Answer: Let's see if we can straighten everything out. There are self-clinging vines, twining vines, those that send out tendrils which attach themselves to things, and those which simply grow tall and leggy and need something to lean on.
Self-clinging vines will require a brick, stone or masonry wall on which they can hang on to by means of rootlets or claw-like disks. Boston ivy (Parthenocissus tricuspidata), Trumpet vine (Campsis radicans), Virginia Creeper (Parthenocissus quinquefolia) , Baltic Ivy (Hedera helix) and climbing Hydrangea (Hydrangea anomala petiolaris) are examples of these. It is untrue that clinging vines will draw the moisture out of brick and cause it to become brittle. The rootlets which attach themselves to walls are unlike the actual roots beneath the surface which take in moisture from the soil.
Self-clinging vines are generally deciduous perennials which increase their spread each year. They require little or no pruning except to keep the spread in check and prevent total coverage of windows when they grow on the side of homes. Pruning should be done in early spring, prior to bud break. Future growth needs to be considered when making the pruning cuts since they will branch at the buds below the cuts.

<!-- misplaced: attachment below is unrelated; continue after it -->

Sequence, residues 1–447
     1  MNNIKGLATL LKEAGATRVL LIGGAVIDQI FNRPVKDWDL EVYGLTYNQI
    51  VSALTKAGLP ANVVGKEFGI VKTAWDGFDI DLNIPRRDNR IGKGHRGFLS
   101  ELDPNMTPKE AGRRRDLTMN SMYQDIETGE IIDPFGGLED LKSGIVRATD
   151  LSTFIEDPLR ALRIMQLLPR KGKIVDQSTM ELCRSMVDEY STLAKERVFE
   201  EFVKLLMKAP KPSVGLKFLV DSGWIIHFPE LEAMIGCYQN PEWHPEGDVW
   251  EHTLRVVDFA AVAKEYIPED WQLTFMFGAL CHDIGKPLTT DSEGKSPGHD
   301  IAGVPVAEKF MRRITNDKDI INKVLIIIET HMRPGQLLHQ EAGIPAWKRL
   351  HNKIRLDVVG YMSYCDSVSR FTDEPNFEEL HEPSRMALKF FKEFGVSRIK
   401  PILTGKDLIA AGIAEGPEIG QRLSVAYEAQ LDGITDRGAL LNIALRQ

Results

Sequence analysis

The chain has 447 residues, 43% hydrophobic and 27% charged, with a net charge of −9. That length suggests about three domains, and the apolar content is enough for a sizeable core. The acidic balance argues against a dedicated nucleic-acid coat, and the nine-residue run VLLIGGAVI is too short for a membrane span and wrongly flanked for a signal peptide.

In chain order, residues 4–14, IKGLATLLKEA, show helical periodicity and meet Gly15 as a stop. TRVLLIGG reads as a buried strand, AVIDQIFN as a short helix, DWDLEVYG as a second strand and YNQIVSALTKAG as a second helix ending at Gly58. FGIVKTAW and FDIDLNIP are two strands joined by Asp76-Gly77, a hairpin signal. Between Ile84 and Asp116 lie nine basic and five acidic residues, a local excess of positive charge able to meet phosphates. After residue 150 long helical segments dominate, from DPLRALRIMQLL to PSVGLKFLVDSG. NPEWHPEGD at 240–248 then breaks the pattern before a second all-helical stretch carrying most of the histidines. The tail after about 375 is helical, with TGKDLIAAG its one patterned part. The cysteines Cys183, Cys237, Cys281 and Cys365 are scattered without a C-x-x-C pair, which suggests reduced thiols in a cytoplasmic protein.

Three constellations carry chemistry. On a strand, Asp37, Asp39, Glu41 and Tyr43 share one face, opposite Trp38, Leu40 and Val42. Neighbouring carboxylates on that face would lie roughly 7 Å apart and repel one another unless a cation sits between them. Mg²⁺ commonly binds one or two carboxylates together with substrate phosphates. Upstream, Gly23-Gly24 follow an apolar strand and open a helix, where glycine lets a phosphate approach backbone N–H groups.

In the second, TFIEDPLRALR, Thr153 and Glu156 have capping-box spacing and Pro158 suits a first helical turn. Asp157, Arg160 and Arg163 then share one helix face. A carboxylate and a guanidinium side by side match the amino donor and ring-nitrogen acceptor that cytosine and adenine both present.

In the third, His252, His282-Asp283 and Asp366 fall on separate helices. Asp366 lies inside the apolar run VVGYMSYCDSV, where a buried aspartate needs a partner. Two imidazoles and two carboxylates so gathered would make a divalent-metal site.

Twining vines require a trellis or strong vertical supports on which they can twist around and grow upwards. Silver lace vine (Polygonum aubertii), Dutchman's Pipe (Aristolochia durior), Honeysuckle vine (Lonicera x heckrottii), all types of Clematis (Clematis sp.) and Wisteria (Wisteria floribunda & W. sinensis) are some perennial examples of these. Morning glory (Ipomoea purpurea), Moonflower (Ipomoea tricolour) and Scarlet Runner Bean (Phaseolus coccineau) are three examples of annual, twining climbers.
Plants with tendrils require a trellis, wire or other plants on which to cling. Grape vines (Vitis sp.) and many annual vines such as Sweet Peas (Lathyrus odoratus) and Wild Cucumber (Echinocystis lobata) will grow rapidly and sprawl beyond their supports if not controlled.
Climbers are opportunistic plants which use structures and other plants to support themselves and grow towards the sunlight rather than taking the time to grow the woody support stems themselves. The energy they reserve is steered towards rapid, elongated growth.
Now that you have a little more background on how climbing plants actually climb, you can choose between Boston ivy (Parthenocissus tricuspidata), Trumpet vine (Campsis radicans), Virginia Creeper (Parthenocissus quinquefolia) , Baltic Ivy (Hedera helix) and climbing Hydrangea (Hydrangea anomala petiolaris) to cover the stucco building.
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